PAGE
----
History of Melanesia|
Date: Sat, 26 Apr 97 11:32:17 CDT
From: rich%pencil@VMA.CC.ND.EDU (Rich Winkel)
Subject: ICFTU: Fiji Export Policy Driven By Labor Rights Abuses
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Fiji Export Policy Driven By Labor Rights Abuses
By International Confederation of Free Trade Unions (ICFTU), LaborNews. 24 April, 1997.
Fiji export policy driven by labour rights abuses
Brussels, April 9 1997 (ICFTU OnLine):The Fijian government's export policy has been driven by labour rights abuses, racial and sexual discrimination, child labour and a contract labour system and includes elements of compulsion says a new report by the International Confederation of Free trade Unions (ICFTU), published today.
"The Fijian government's violation of basic labour standards is part of their policy of creating a cheap labour force to attract foreign investment and increase exports" said Bill Jordan, ICFTU general secretary.
The report analyses the government's current policy of a massive expansion of export processing zones, which now employ 13% of the country's workforce. The main export sector based in the zones is garment manufacturing, which has undergone a sustained expansion based on artificially repressed labour costs.
Workers in the export zones are often forced to work up to 24 hours a day with no overtime pay in poorly ventilated factories. Management carry out random strip searches of the women, who receive just over one third of the official poverty level of wages for a family of four. Those who try to organise for better conditions can be dismissed, and unions are excluded by companies with the support of the government.
The report describes the sexual and racial discrimination which is a part of Fiji's export sector. Women who make up one quarter of the paid workforce, are generally paid less than men, even for similar jobs. This discrepancy is particularly notable in the garment industry which employs over 30% of women. Indo-Fijian workers are discriminated against in both the rural and urban sectors.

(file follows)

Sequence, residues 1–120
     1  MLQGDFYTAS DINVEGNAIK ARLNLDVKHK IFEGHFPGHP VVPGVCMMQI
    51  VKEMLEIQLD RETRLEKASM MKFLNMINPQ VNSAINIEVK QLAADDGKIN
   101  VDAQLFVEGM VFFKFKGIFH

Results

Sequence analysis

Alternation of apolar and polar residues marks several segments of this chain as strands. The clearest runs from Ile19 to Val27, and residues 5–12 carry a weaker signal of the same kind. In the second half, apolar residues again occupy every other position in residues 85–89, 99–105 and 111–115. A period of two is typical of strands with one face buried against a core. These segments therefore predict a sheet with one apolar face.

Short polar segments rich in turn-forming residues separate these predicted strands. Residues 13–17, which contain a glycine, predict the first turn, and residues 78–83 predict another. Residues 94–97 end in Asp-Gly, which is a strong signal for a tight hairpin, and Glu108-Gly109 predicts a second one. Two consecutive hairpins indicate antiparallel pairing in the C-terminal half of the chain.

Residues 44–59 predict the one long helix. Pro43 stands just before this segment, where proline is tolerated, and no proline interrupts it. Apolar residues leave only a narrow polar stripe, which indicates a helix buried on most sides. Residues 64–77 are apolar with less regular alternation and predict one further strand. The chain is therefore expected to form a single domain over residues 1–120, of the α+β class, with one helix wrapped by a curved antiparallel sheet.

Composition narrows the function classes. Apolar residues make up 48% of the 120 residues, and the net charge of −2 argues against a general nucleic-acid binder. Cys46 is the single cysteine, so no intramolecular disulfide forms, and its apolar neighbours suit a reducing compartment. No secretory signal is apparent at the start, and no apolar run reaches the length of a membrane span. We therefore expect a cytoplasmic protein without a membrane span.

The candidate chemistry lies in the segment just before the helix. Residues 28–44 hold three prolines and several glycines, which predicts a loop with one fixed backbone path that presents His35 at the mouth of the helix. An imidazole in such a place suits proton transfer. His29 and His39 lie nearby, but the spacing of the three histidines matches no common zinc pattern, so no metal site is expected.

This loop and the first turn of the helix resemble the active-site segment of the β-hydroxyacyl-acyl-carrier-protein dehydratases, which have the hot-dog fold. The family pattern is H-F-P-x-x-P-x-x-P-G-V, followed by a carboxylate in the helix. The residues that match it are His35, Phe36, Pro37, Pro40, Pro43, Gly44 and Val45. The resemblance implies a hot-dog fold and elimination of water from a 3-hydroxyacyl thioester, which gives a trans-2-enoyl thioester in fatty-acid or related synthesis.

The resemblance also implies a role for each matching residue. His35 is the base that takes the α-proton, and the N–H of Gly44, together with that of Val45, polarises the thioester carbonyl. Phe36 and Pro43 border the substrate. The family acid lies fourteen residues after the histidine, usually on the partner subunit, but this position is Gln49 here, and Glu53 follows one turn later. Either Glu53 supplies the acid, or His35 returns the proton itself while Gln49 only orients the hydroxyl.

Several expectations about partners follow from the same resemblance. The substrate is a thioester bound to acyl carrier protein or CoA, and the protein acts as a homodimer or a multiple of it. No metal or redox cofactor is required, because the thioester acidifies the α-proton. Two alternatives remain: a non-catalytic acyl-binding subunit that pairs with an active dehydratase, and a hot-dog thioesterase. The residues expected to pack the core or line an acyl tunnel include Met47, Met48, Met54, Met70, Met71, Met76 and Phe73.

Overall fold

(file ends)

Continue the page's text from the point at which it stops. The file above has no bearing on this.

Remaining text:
Child labour is also a growing problem in Fiji in agriculture, particularly in the highly export-dependent sugar sector, and in small-scale businesses. Although work for children under 12 is forbidden by law in Fiji, the level of school attendance, at only 64% provides a reliable indicator that as many as 20-30,000 children are at work.
Finally, while forced labour is prohibited in the Fijian Constitution, the Fiji Trade Union Congress, (FTUC) is concerned that a contract labour system used for workers from China includes disturbing elements of compulsion. In 1994, almost all contract workers in the garment industry came from China, and had half their wages deducted and transferred to China as 'employment agency' fees. While in Fiji these workers live on the factory premises, and are rarely allowed to leave.
New labour laws, introduced in 1991 which placed restrictions on the right to strike, and on the recognition of trade unions, have been strongly criticised by the ILO Committee on Freedom of Association, which recommended that the government brings its legislation into line with internationally-recognised standards. One of the effects of the labour laws is that multinationals have shifted their production from other developing countries in the region such as the Cook Islands, to Fiji to take advantage of the low wages. This is just the type of situation which the WTO agreed that it wanted to avoid - globalisation contributing to falling living standards in some countries because of the exploitation of workers in others.
At the Singapore meeting, the WTO said that it would work with the ILO to ensure that WTO members observed ILO standards. The ICFTU is calling on the WTO to remind the Fijian government of the commitment to core labour standards it signed up to in Singapore and to work with the ILO to ensure that these standards are implemented.
The global trade union body has released its report on labour standards in Fiji as part of its contribution to the World Trade Organisation's trade policy review of Fiji, which will be published on April 9 in Geneva.
The report has been compiled by the ICFTU with information supplied by the FTUC, its Fijian affiliate. The ICFTU has 195 affiliated organisations in 137 countries and territories, representing 124 million members.
For further background details about the report, please contact: James Howard, ICFTU 322 224 0343 or Stephen Pursey 322 224 0333. For photographs to accompany the report, please contact Luc Demaret, ICFTU Press office on: 322 224 0212.
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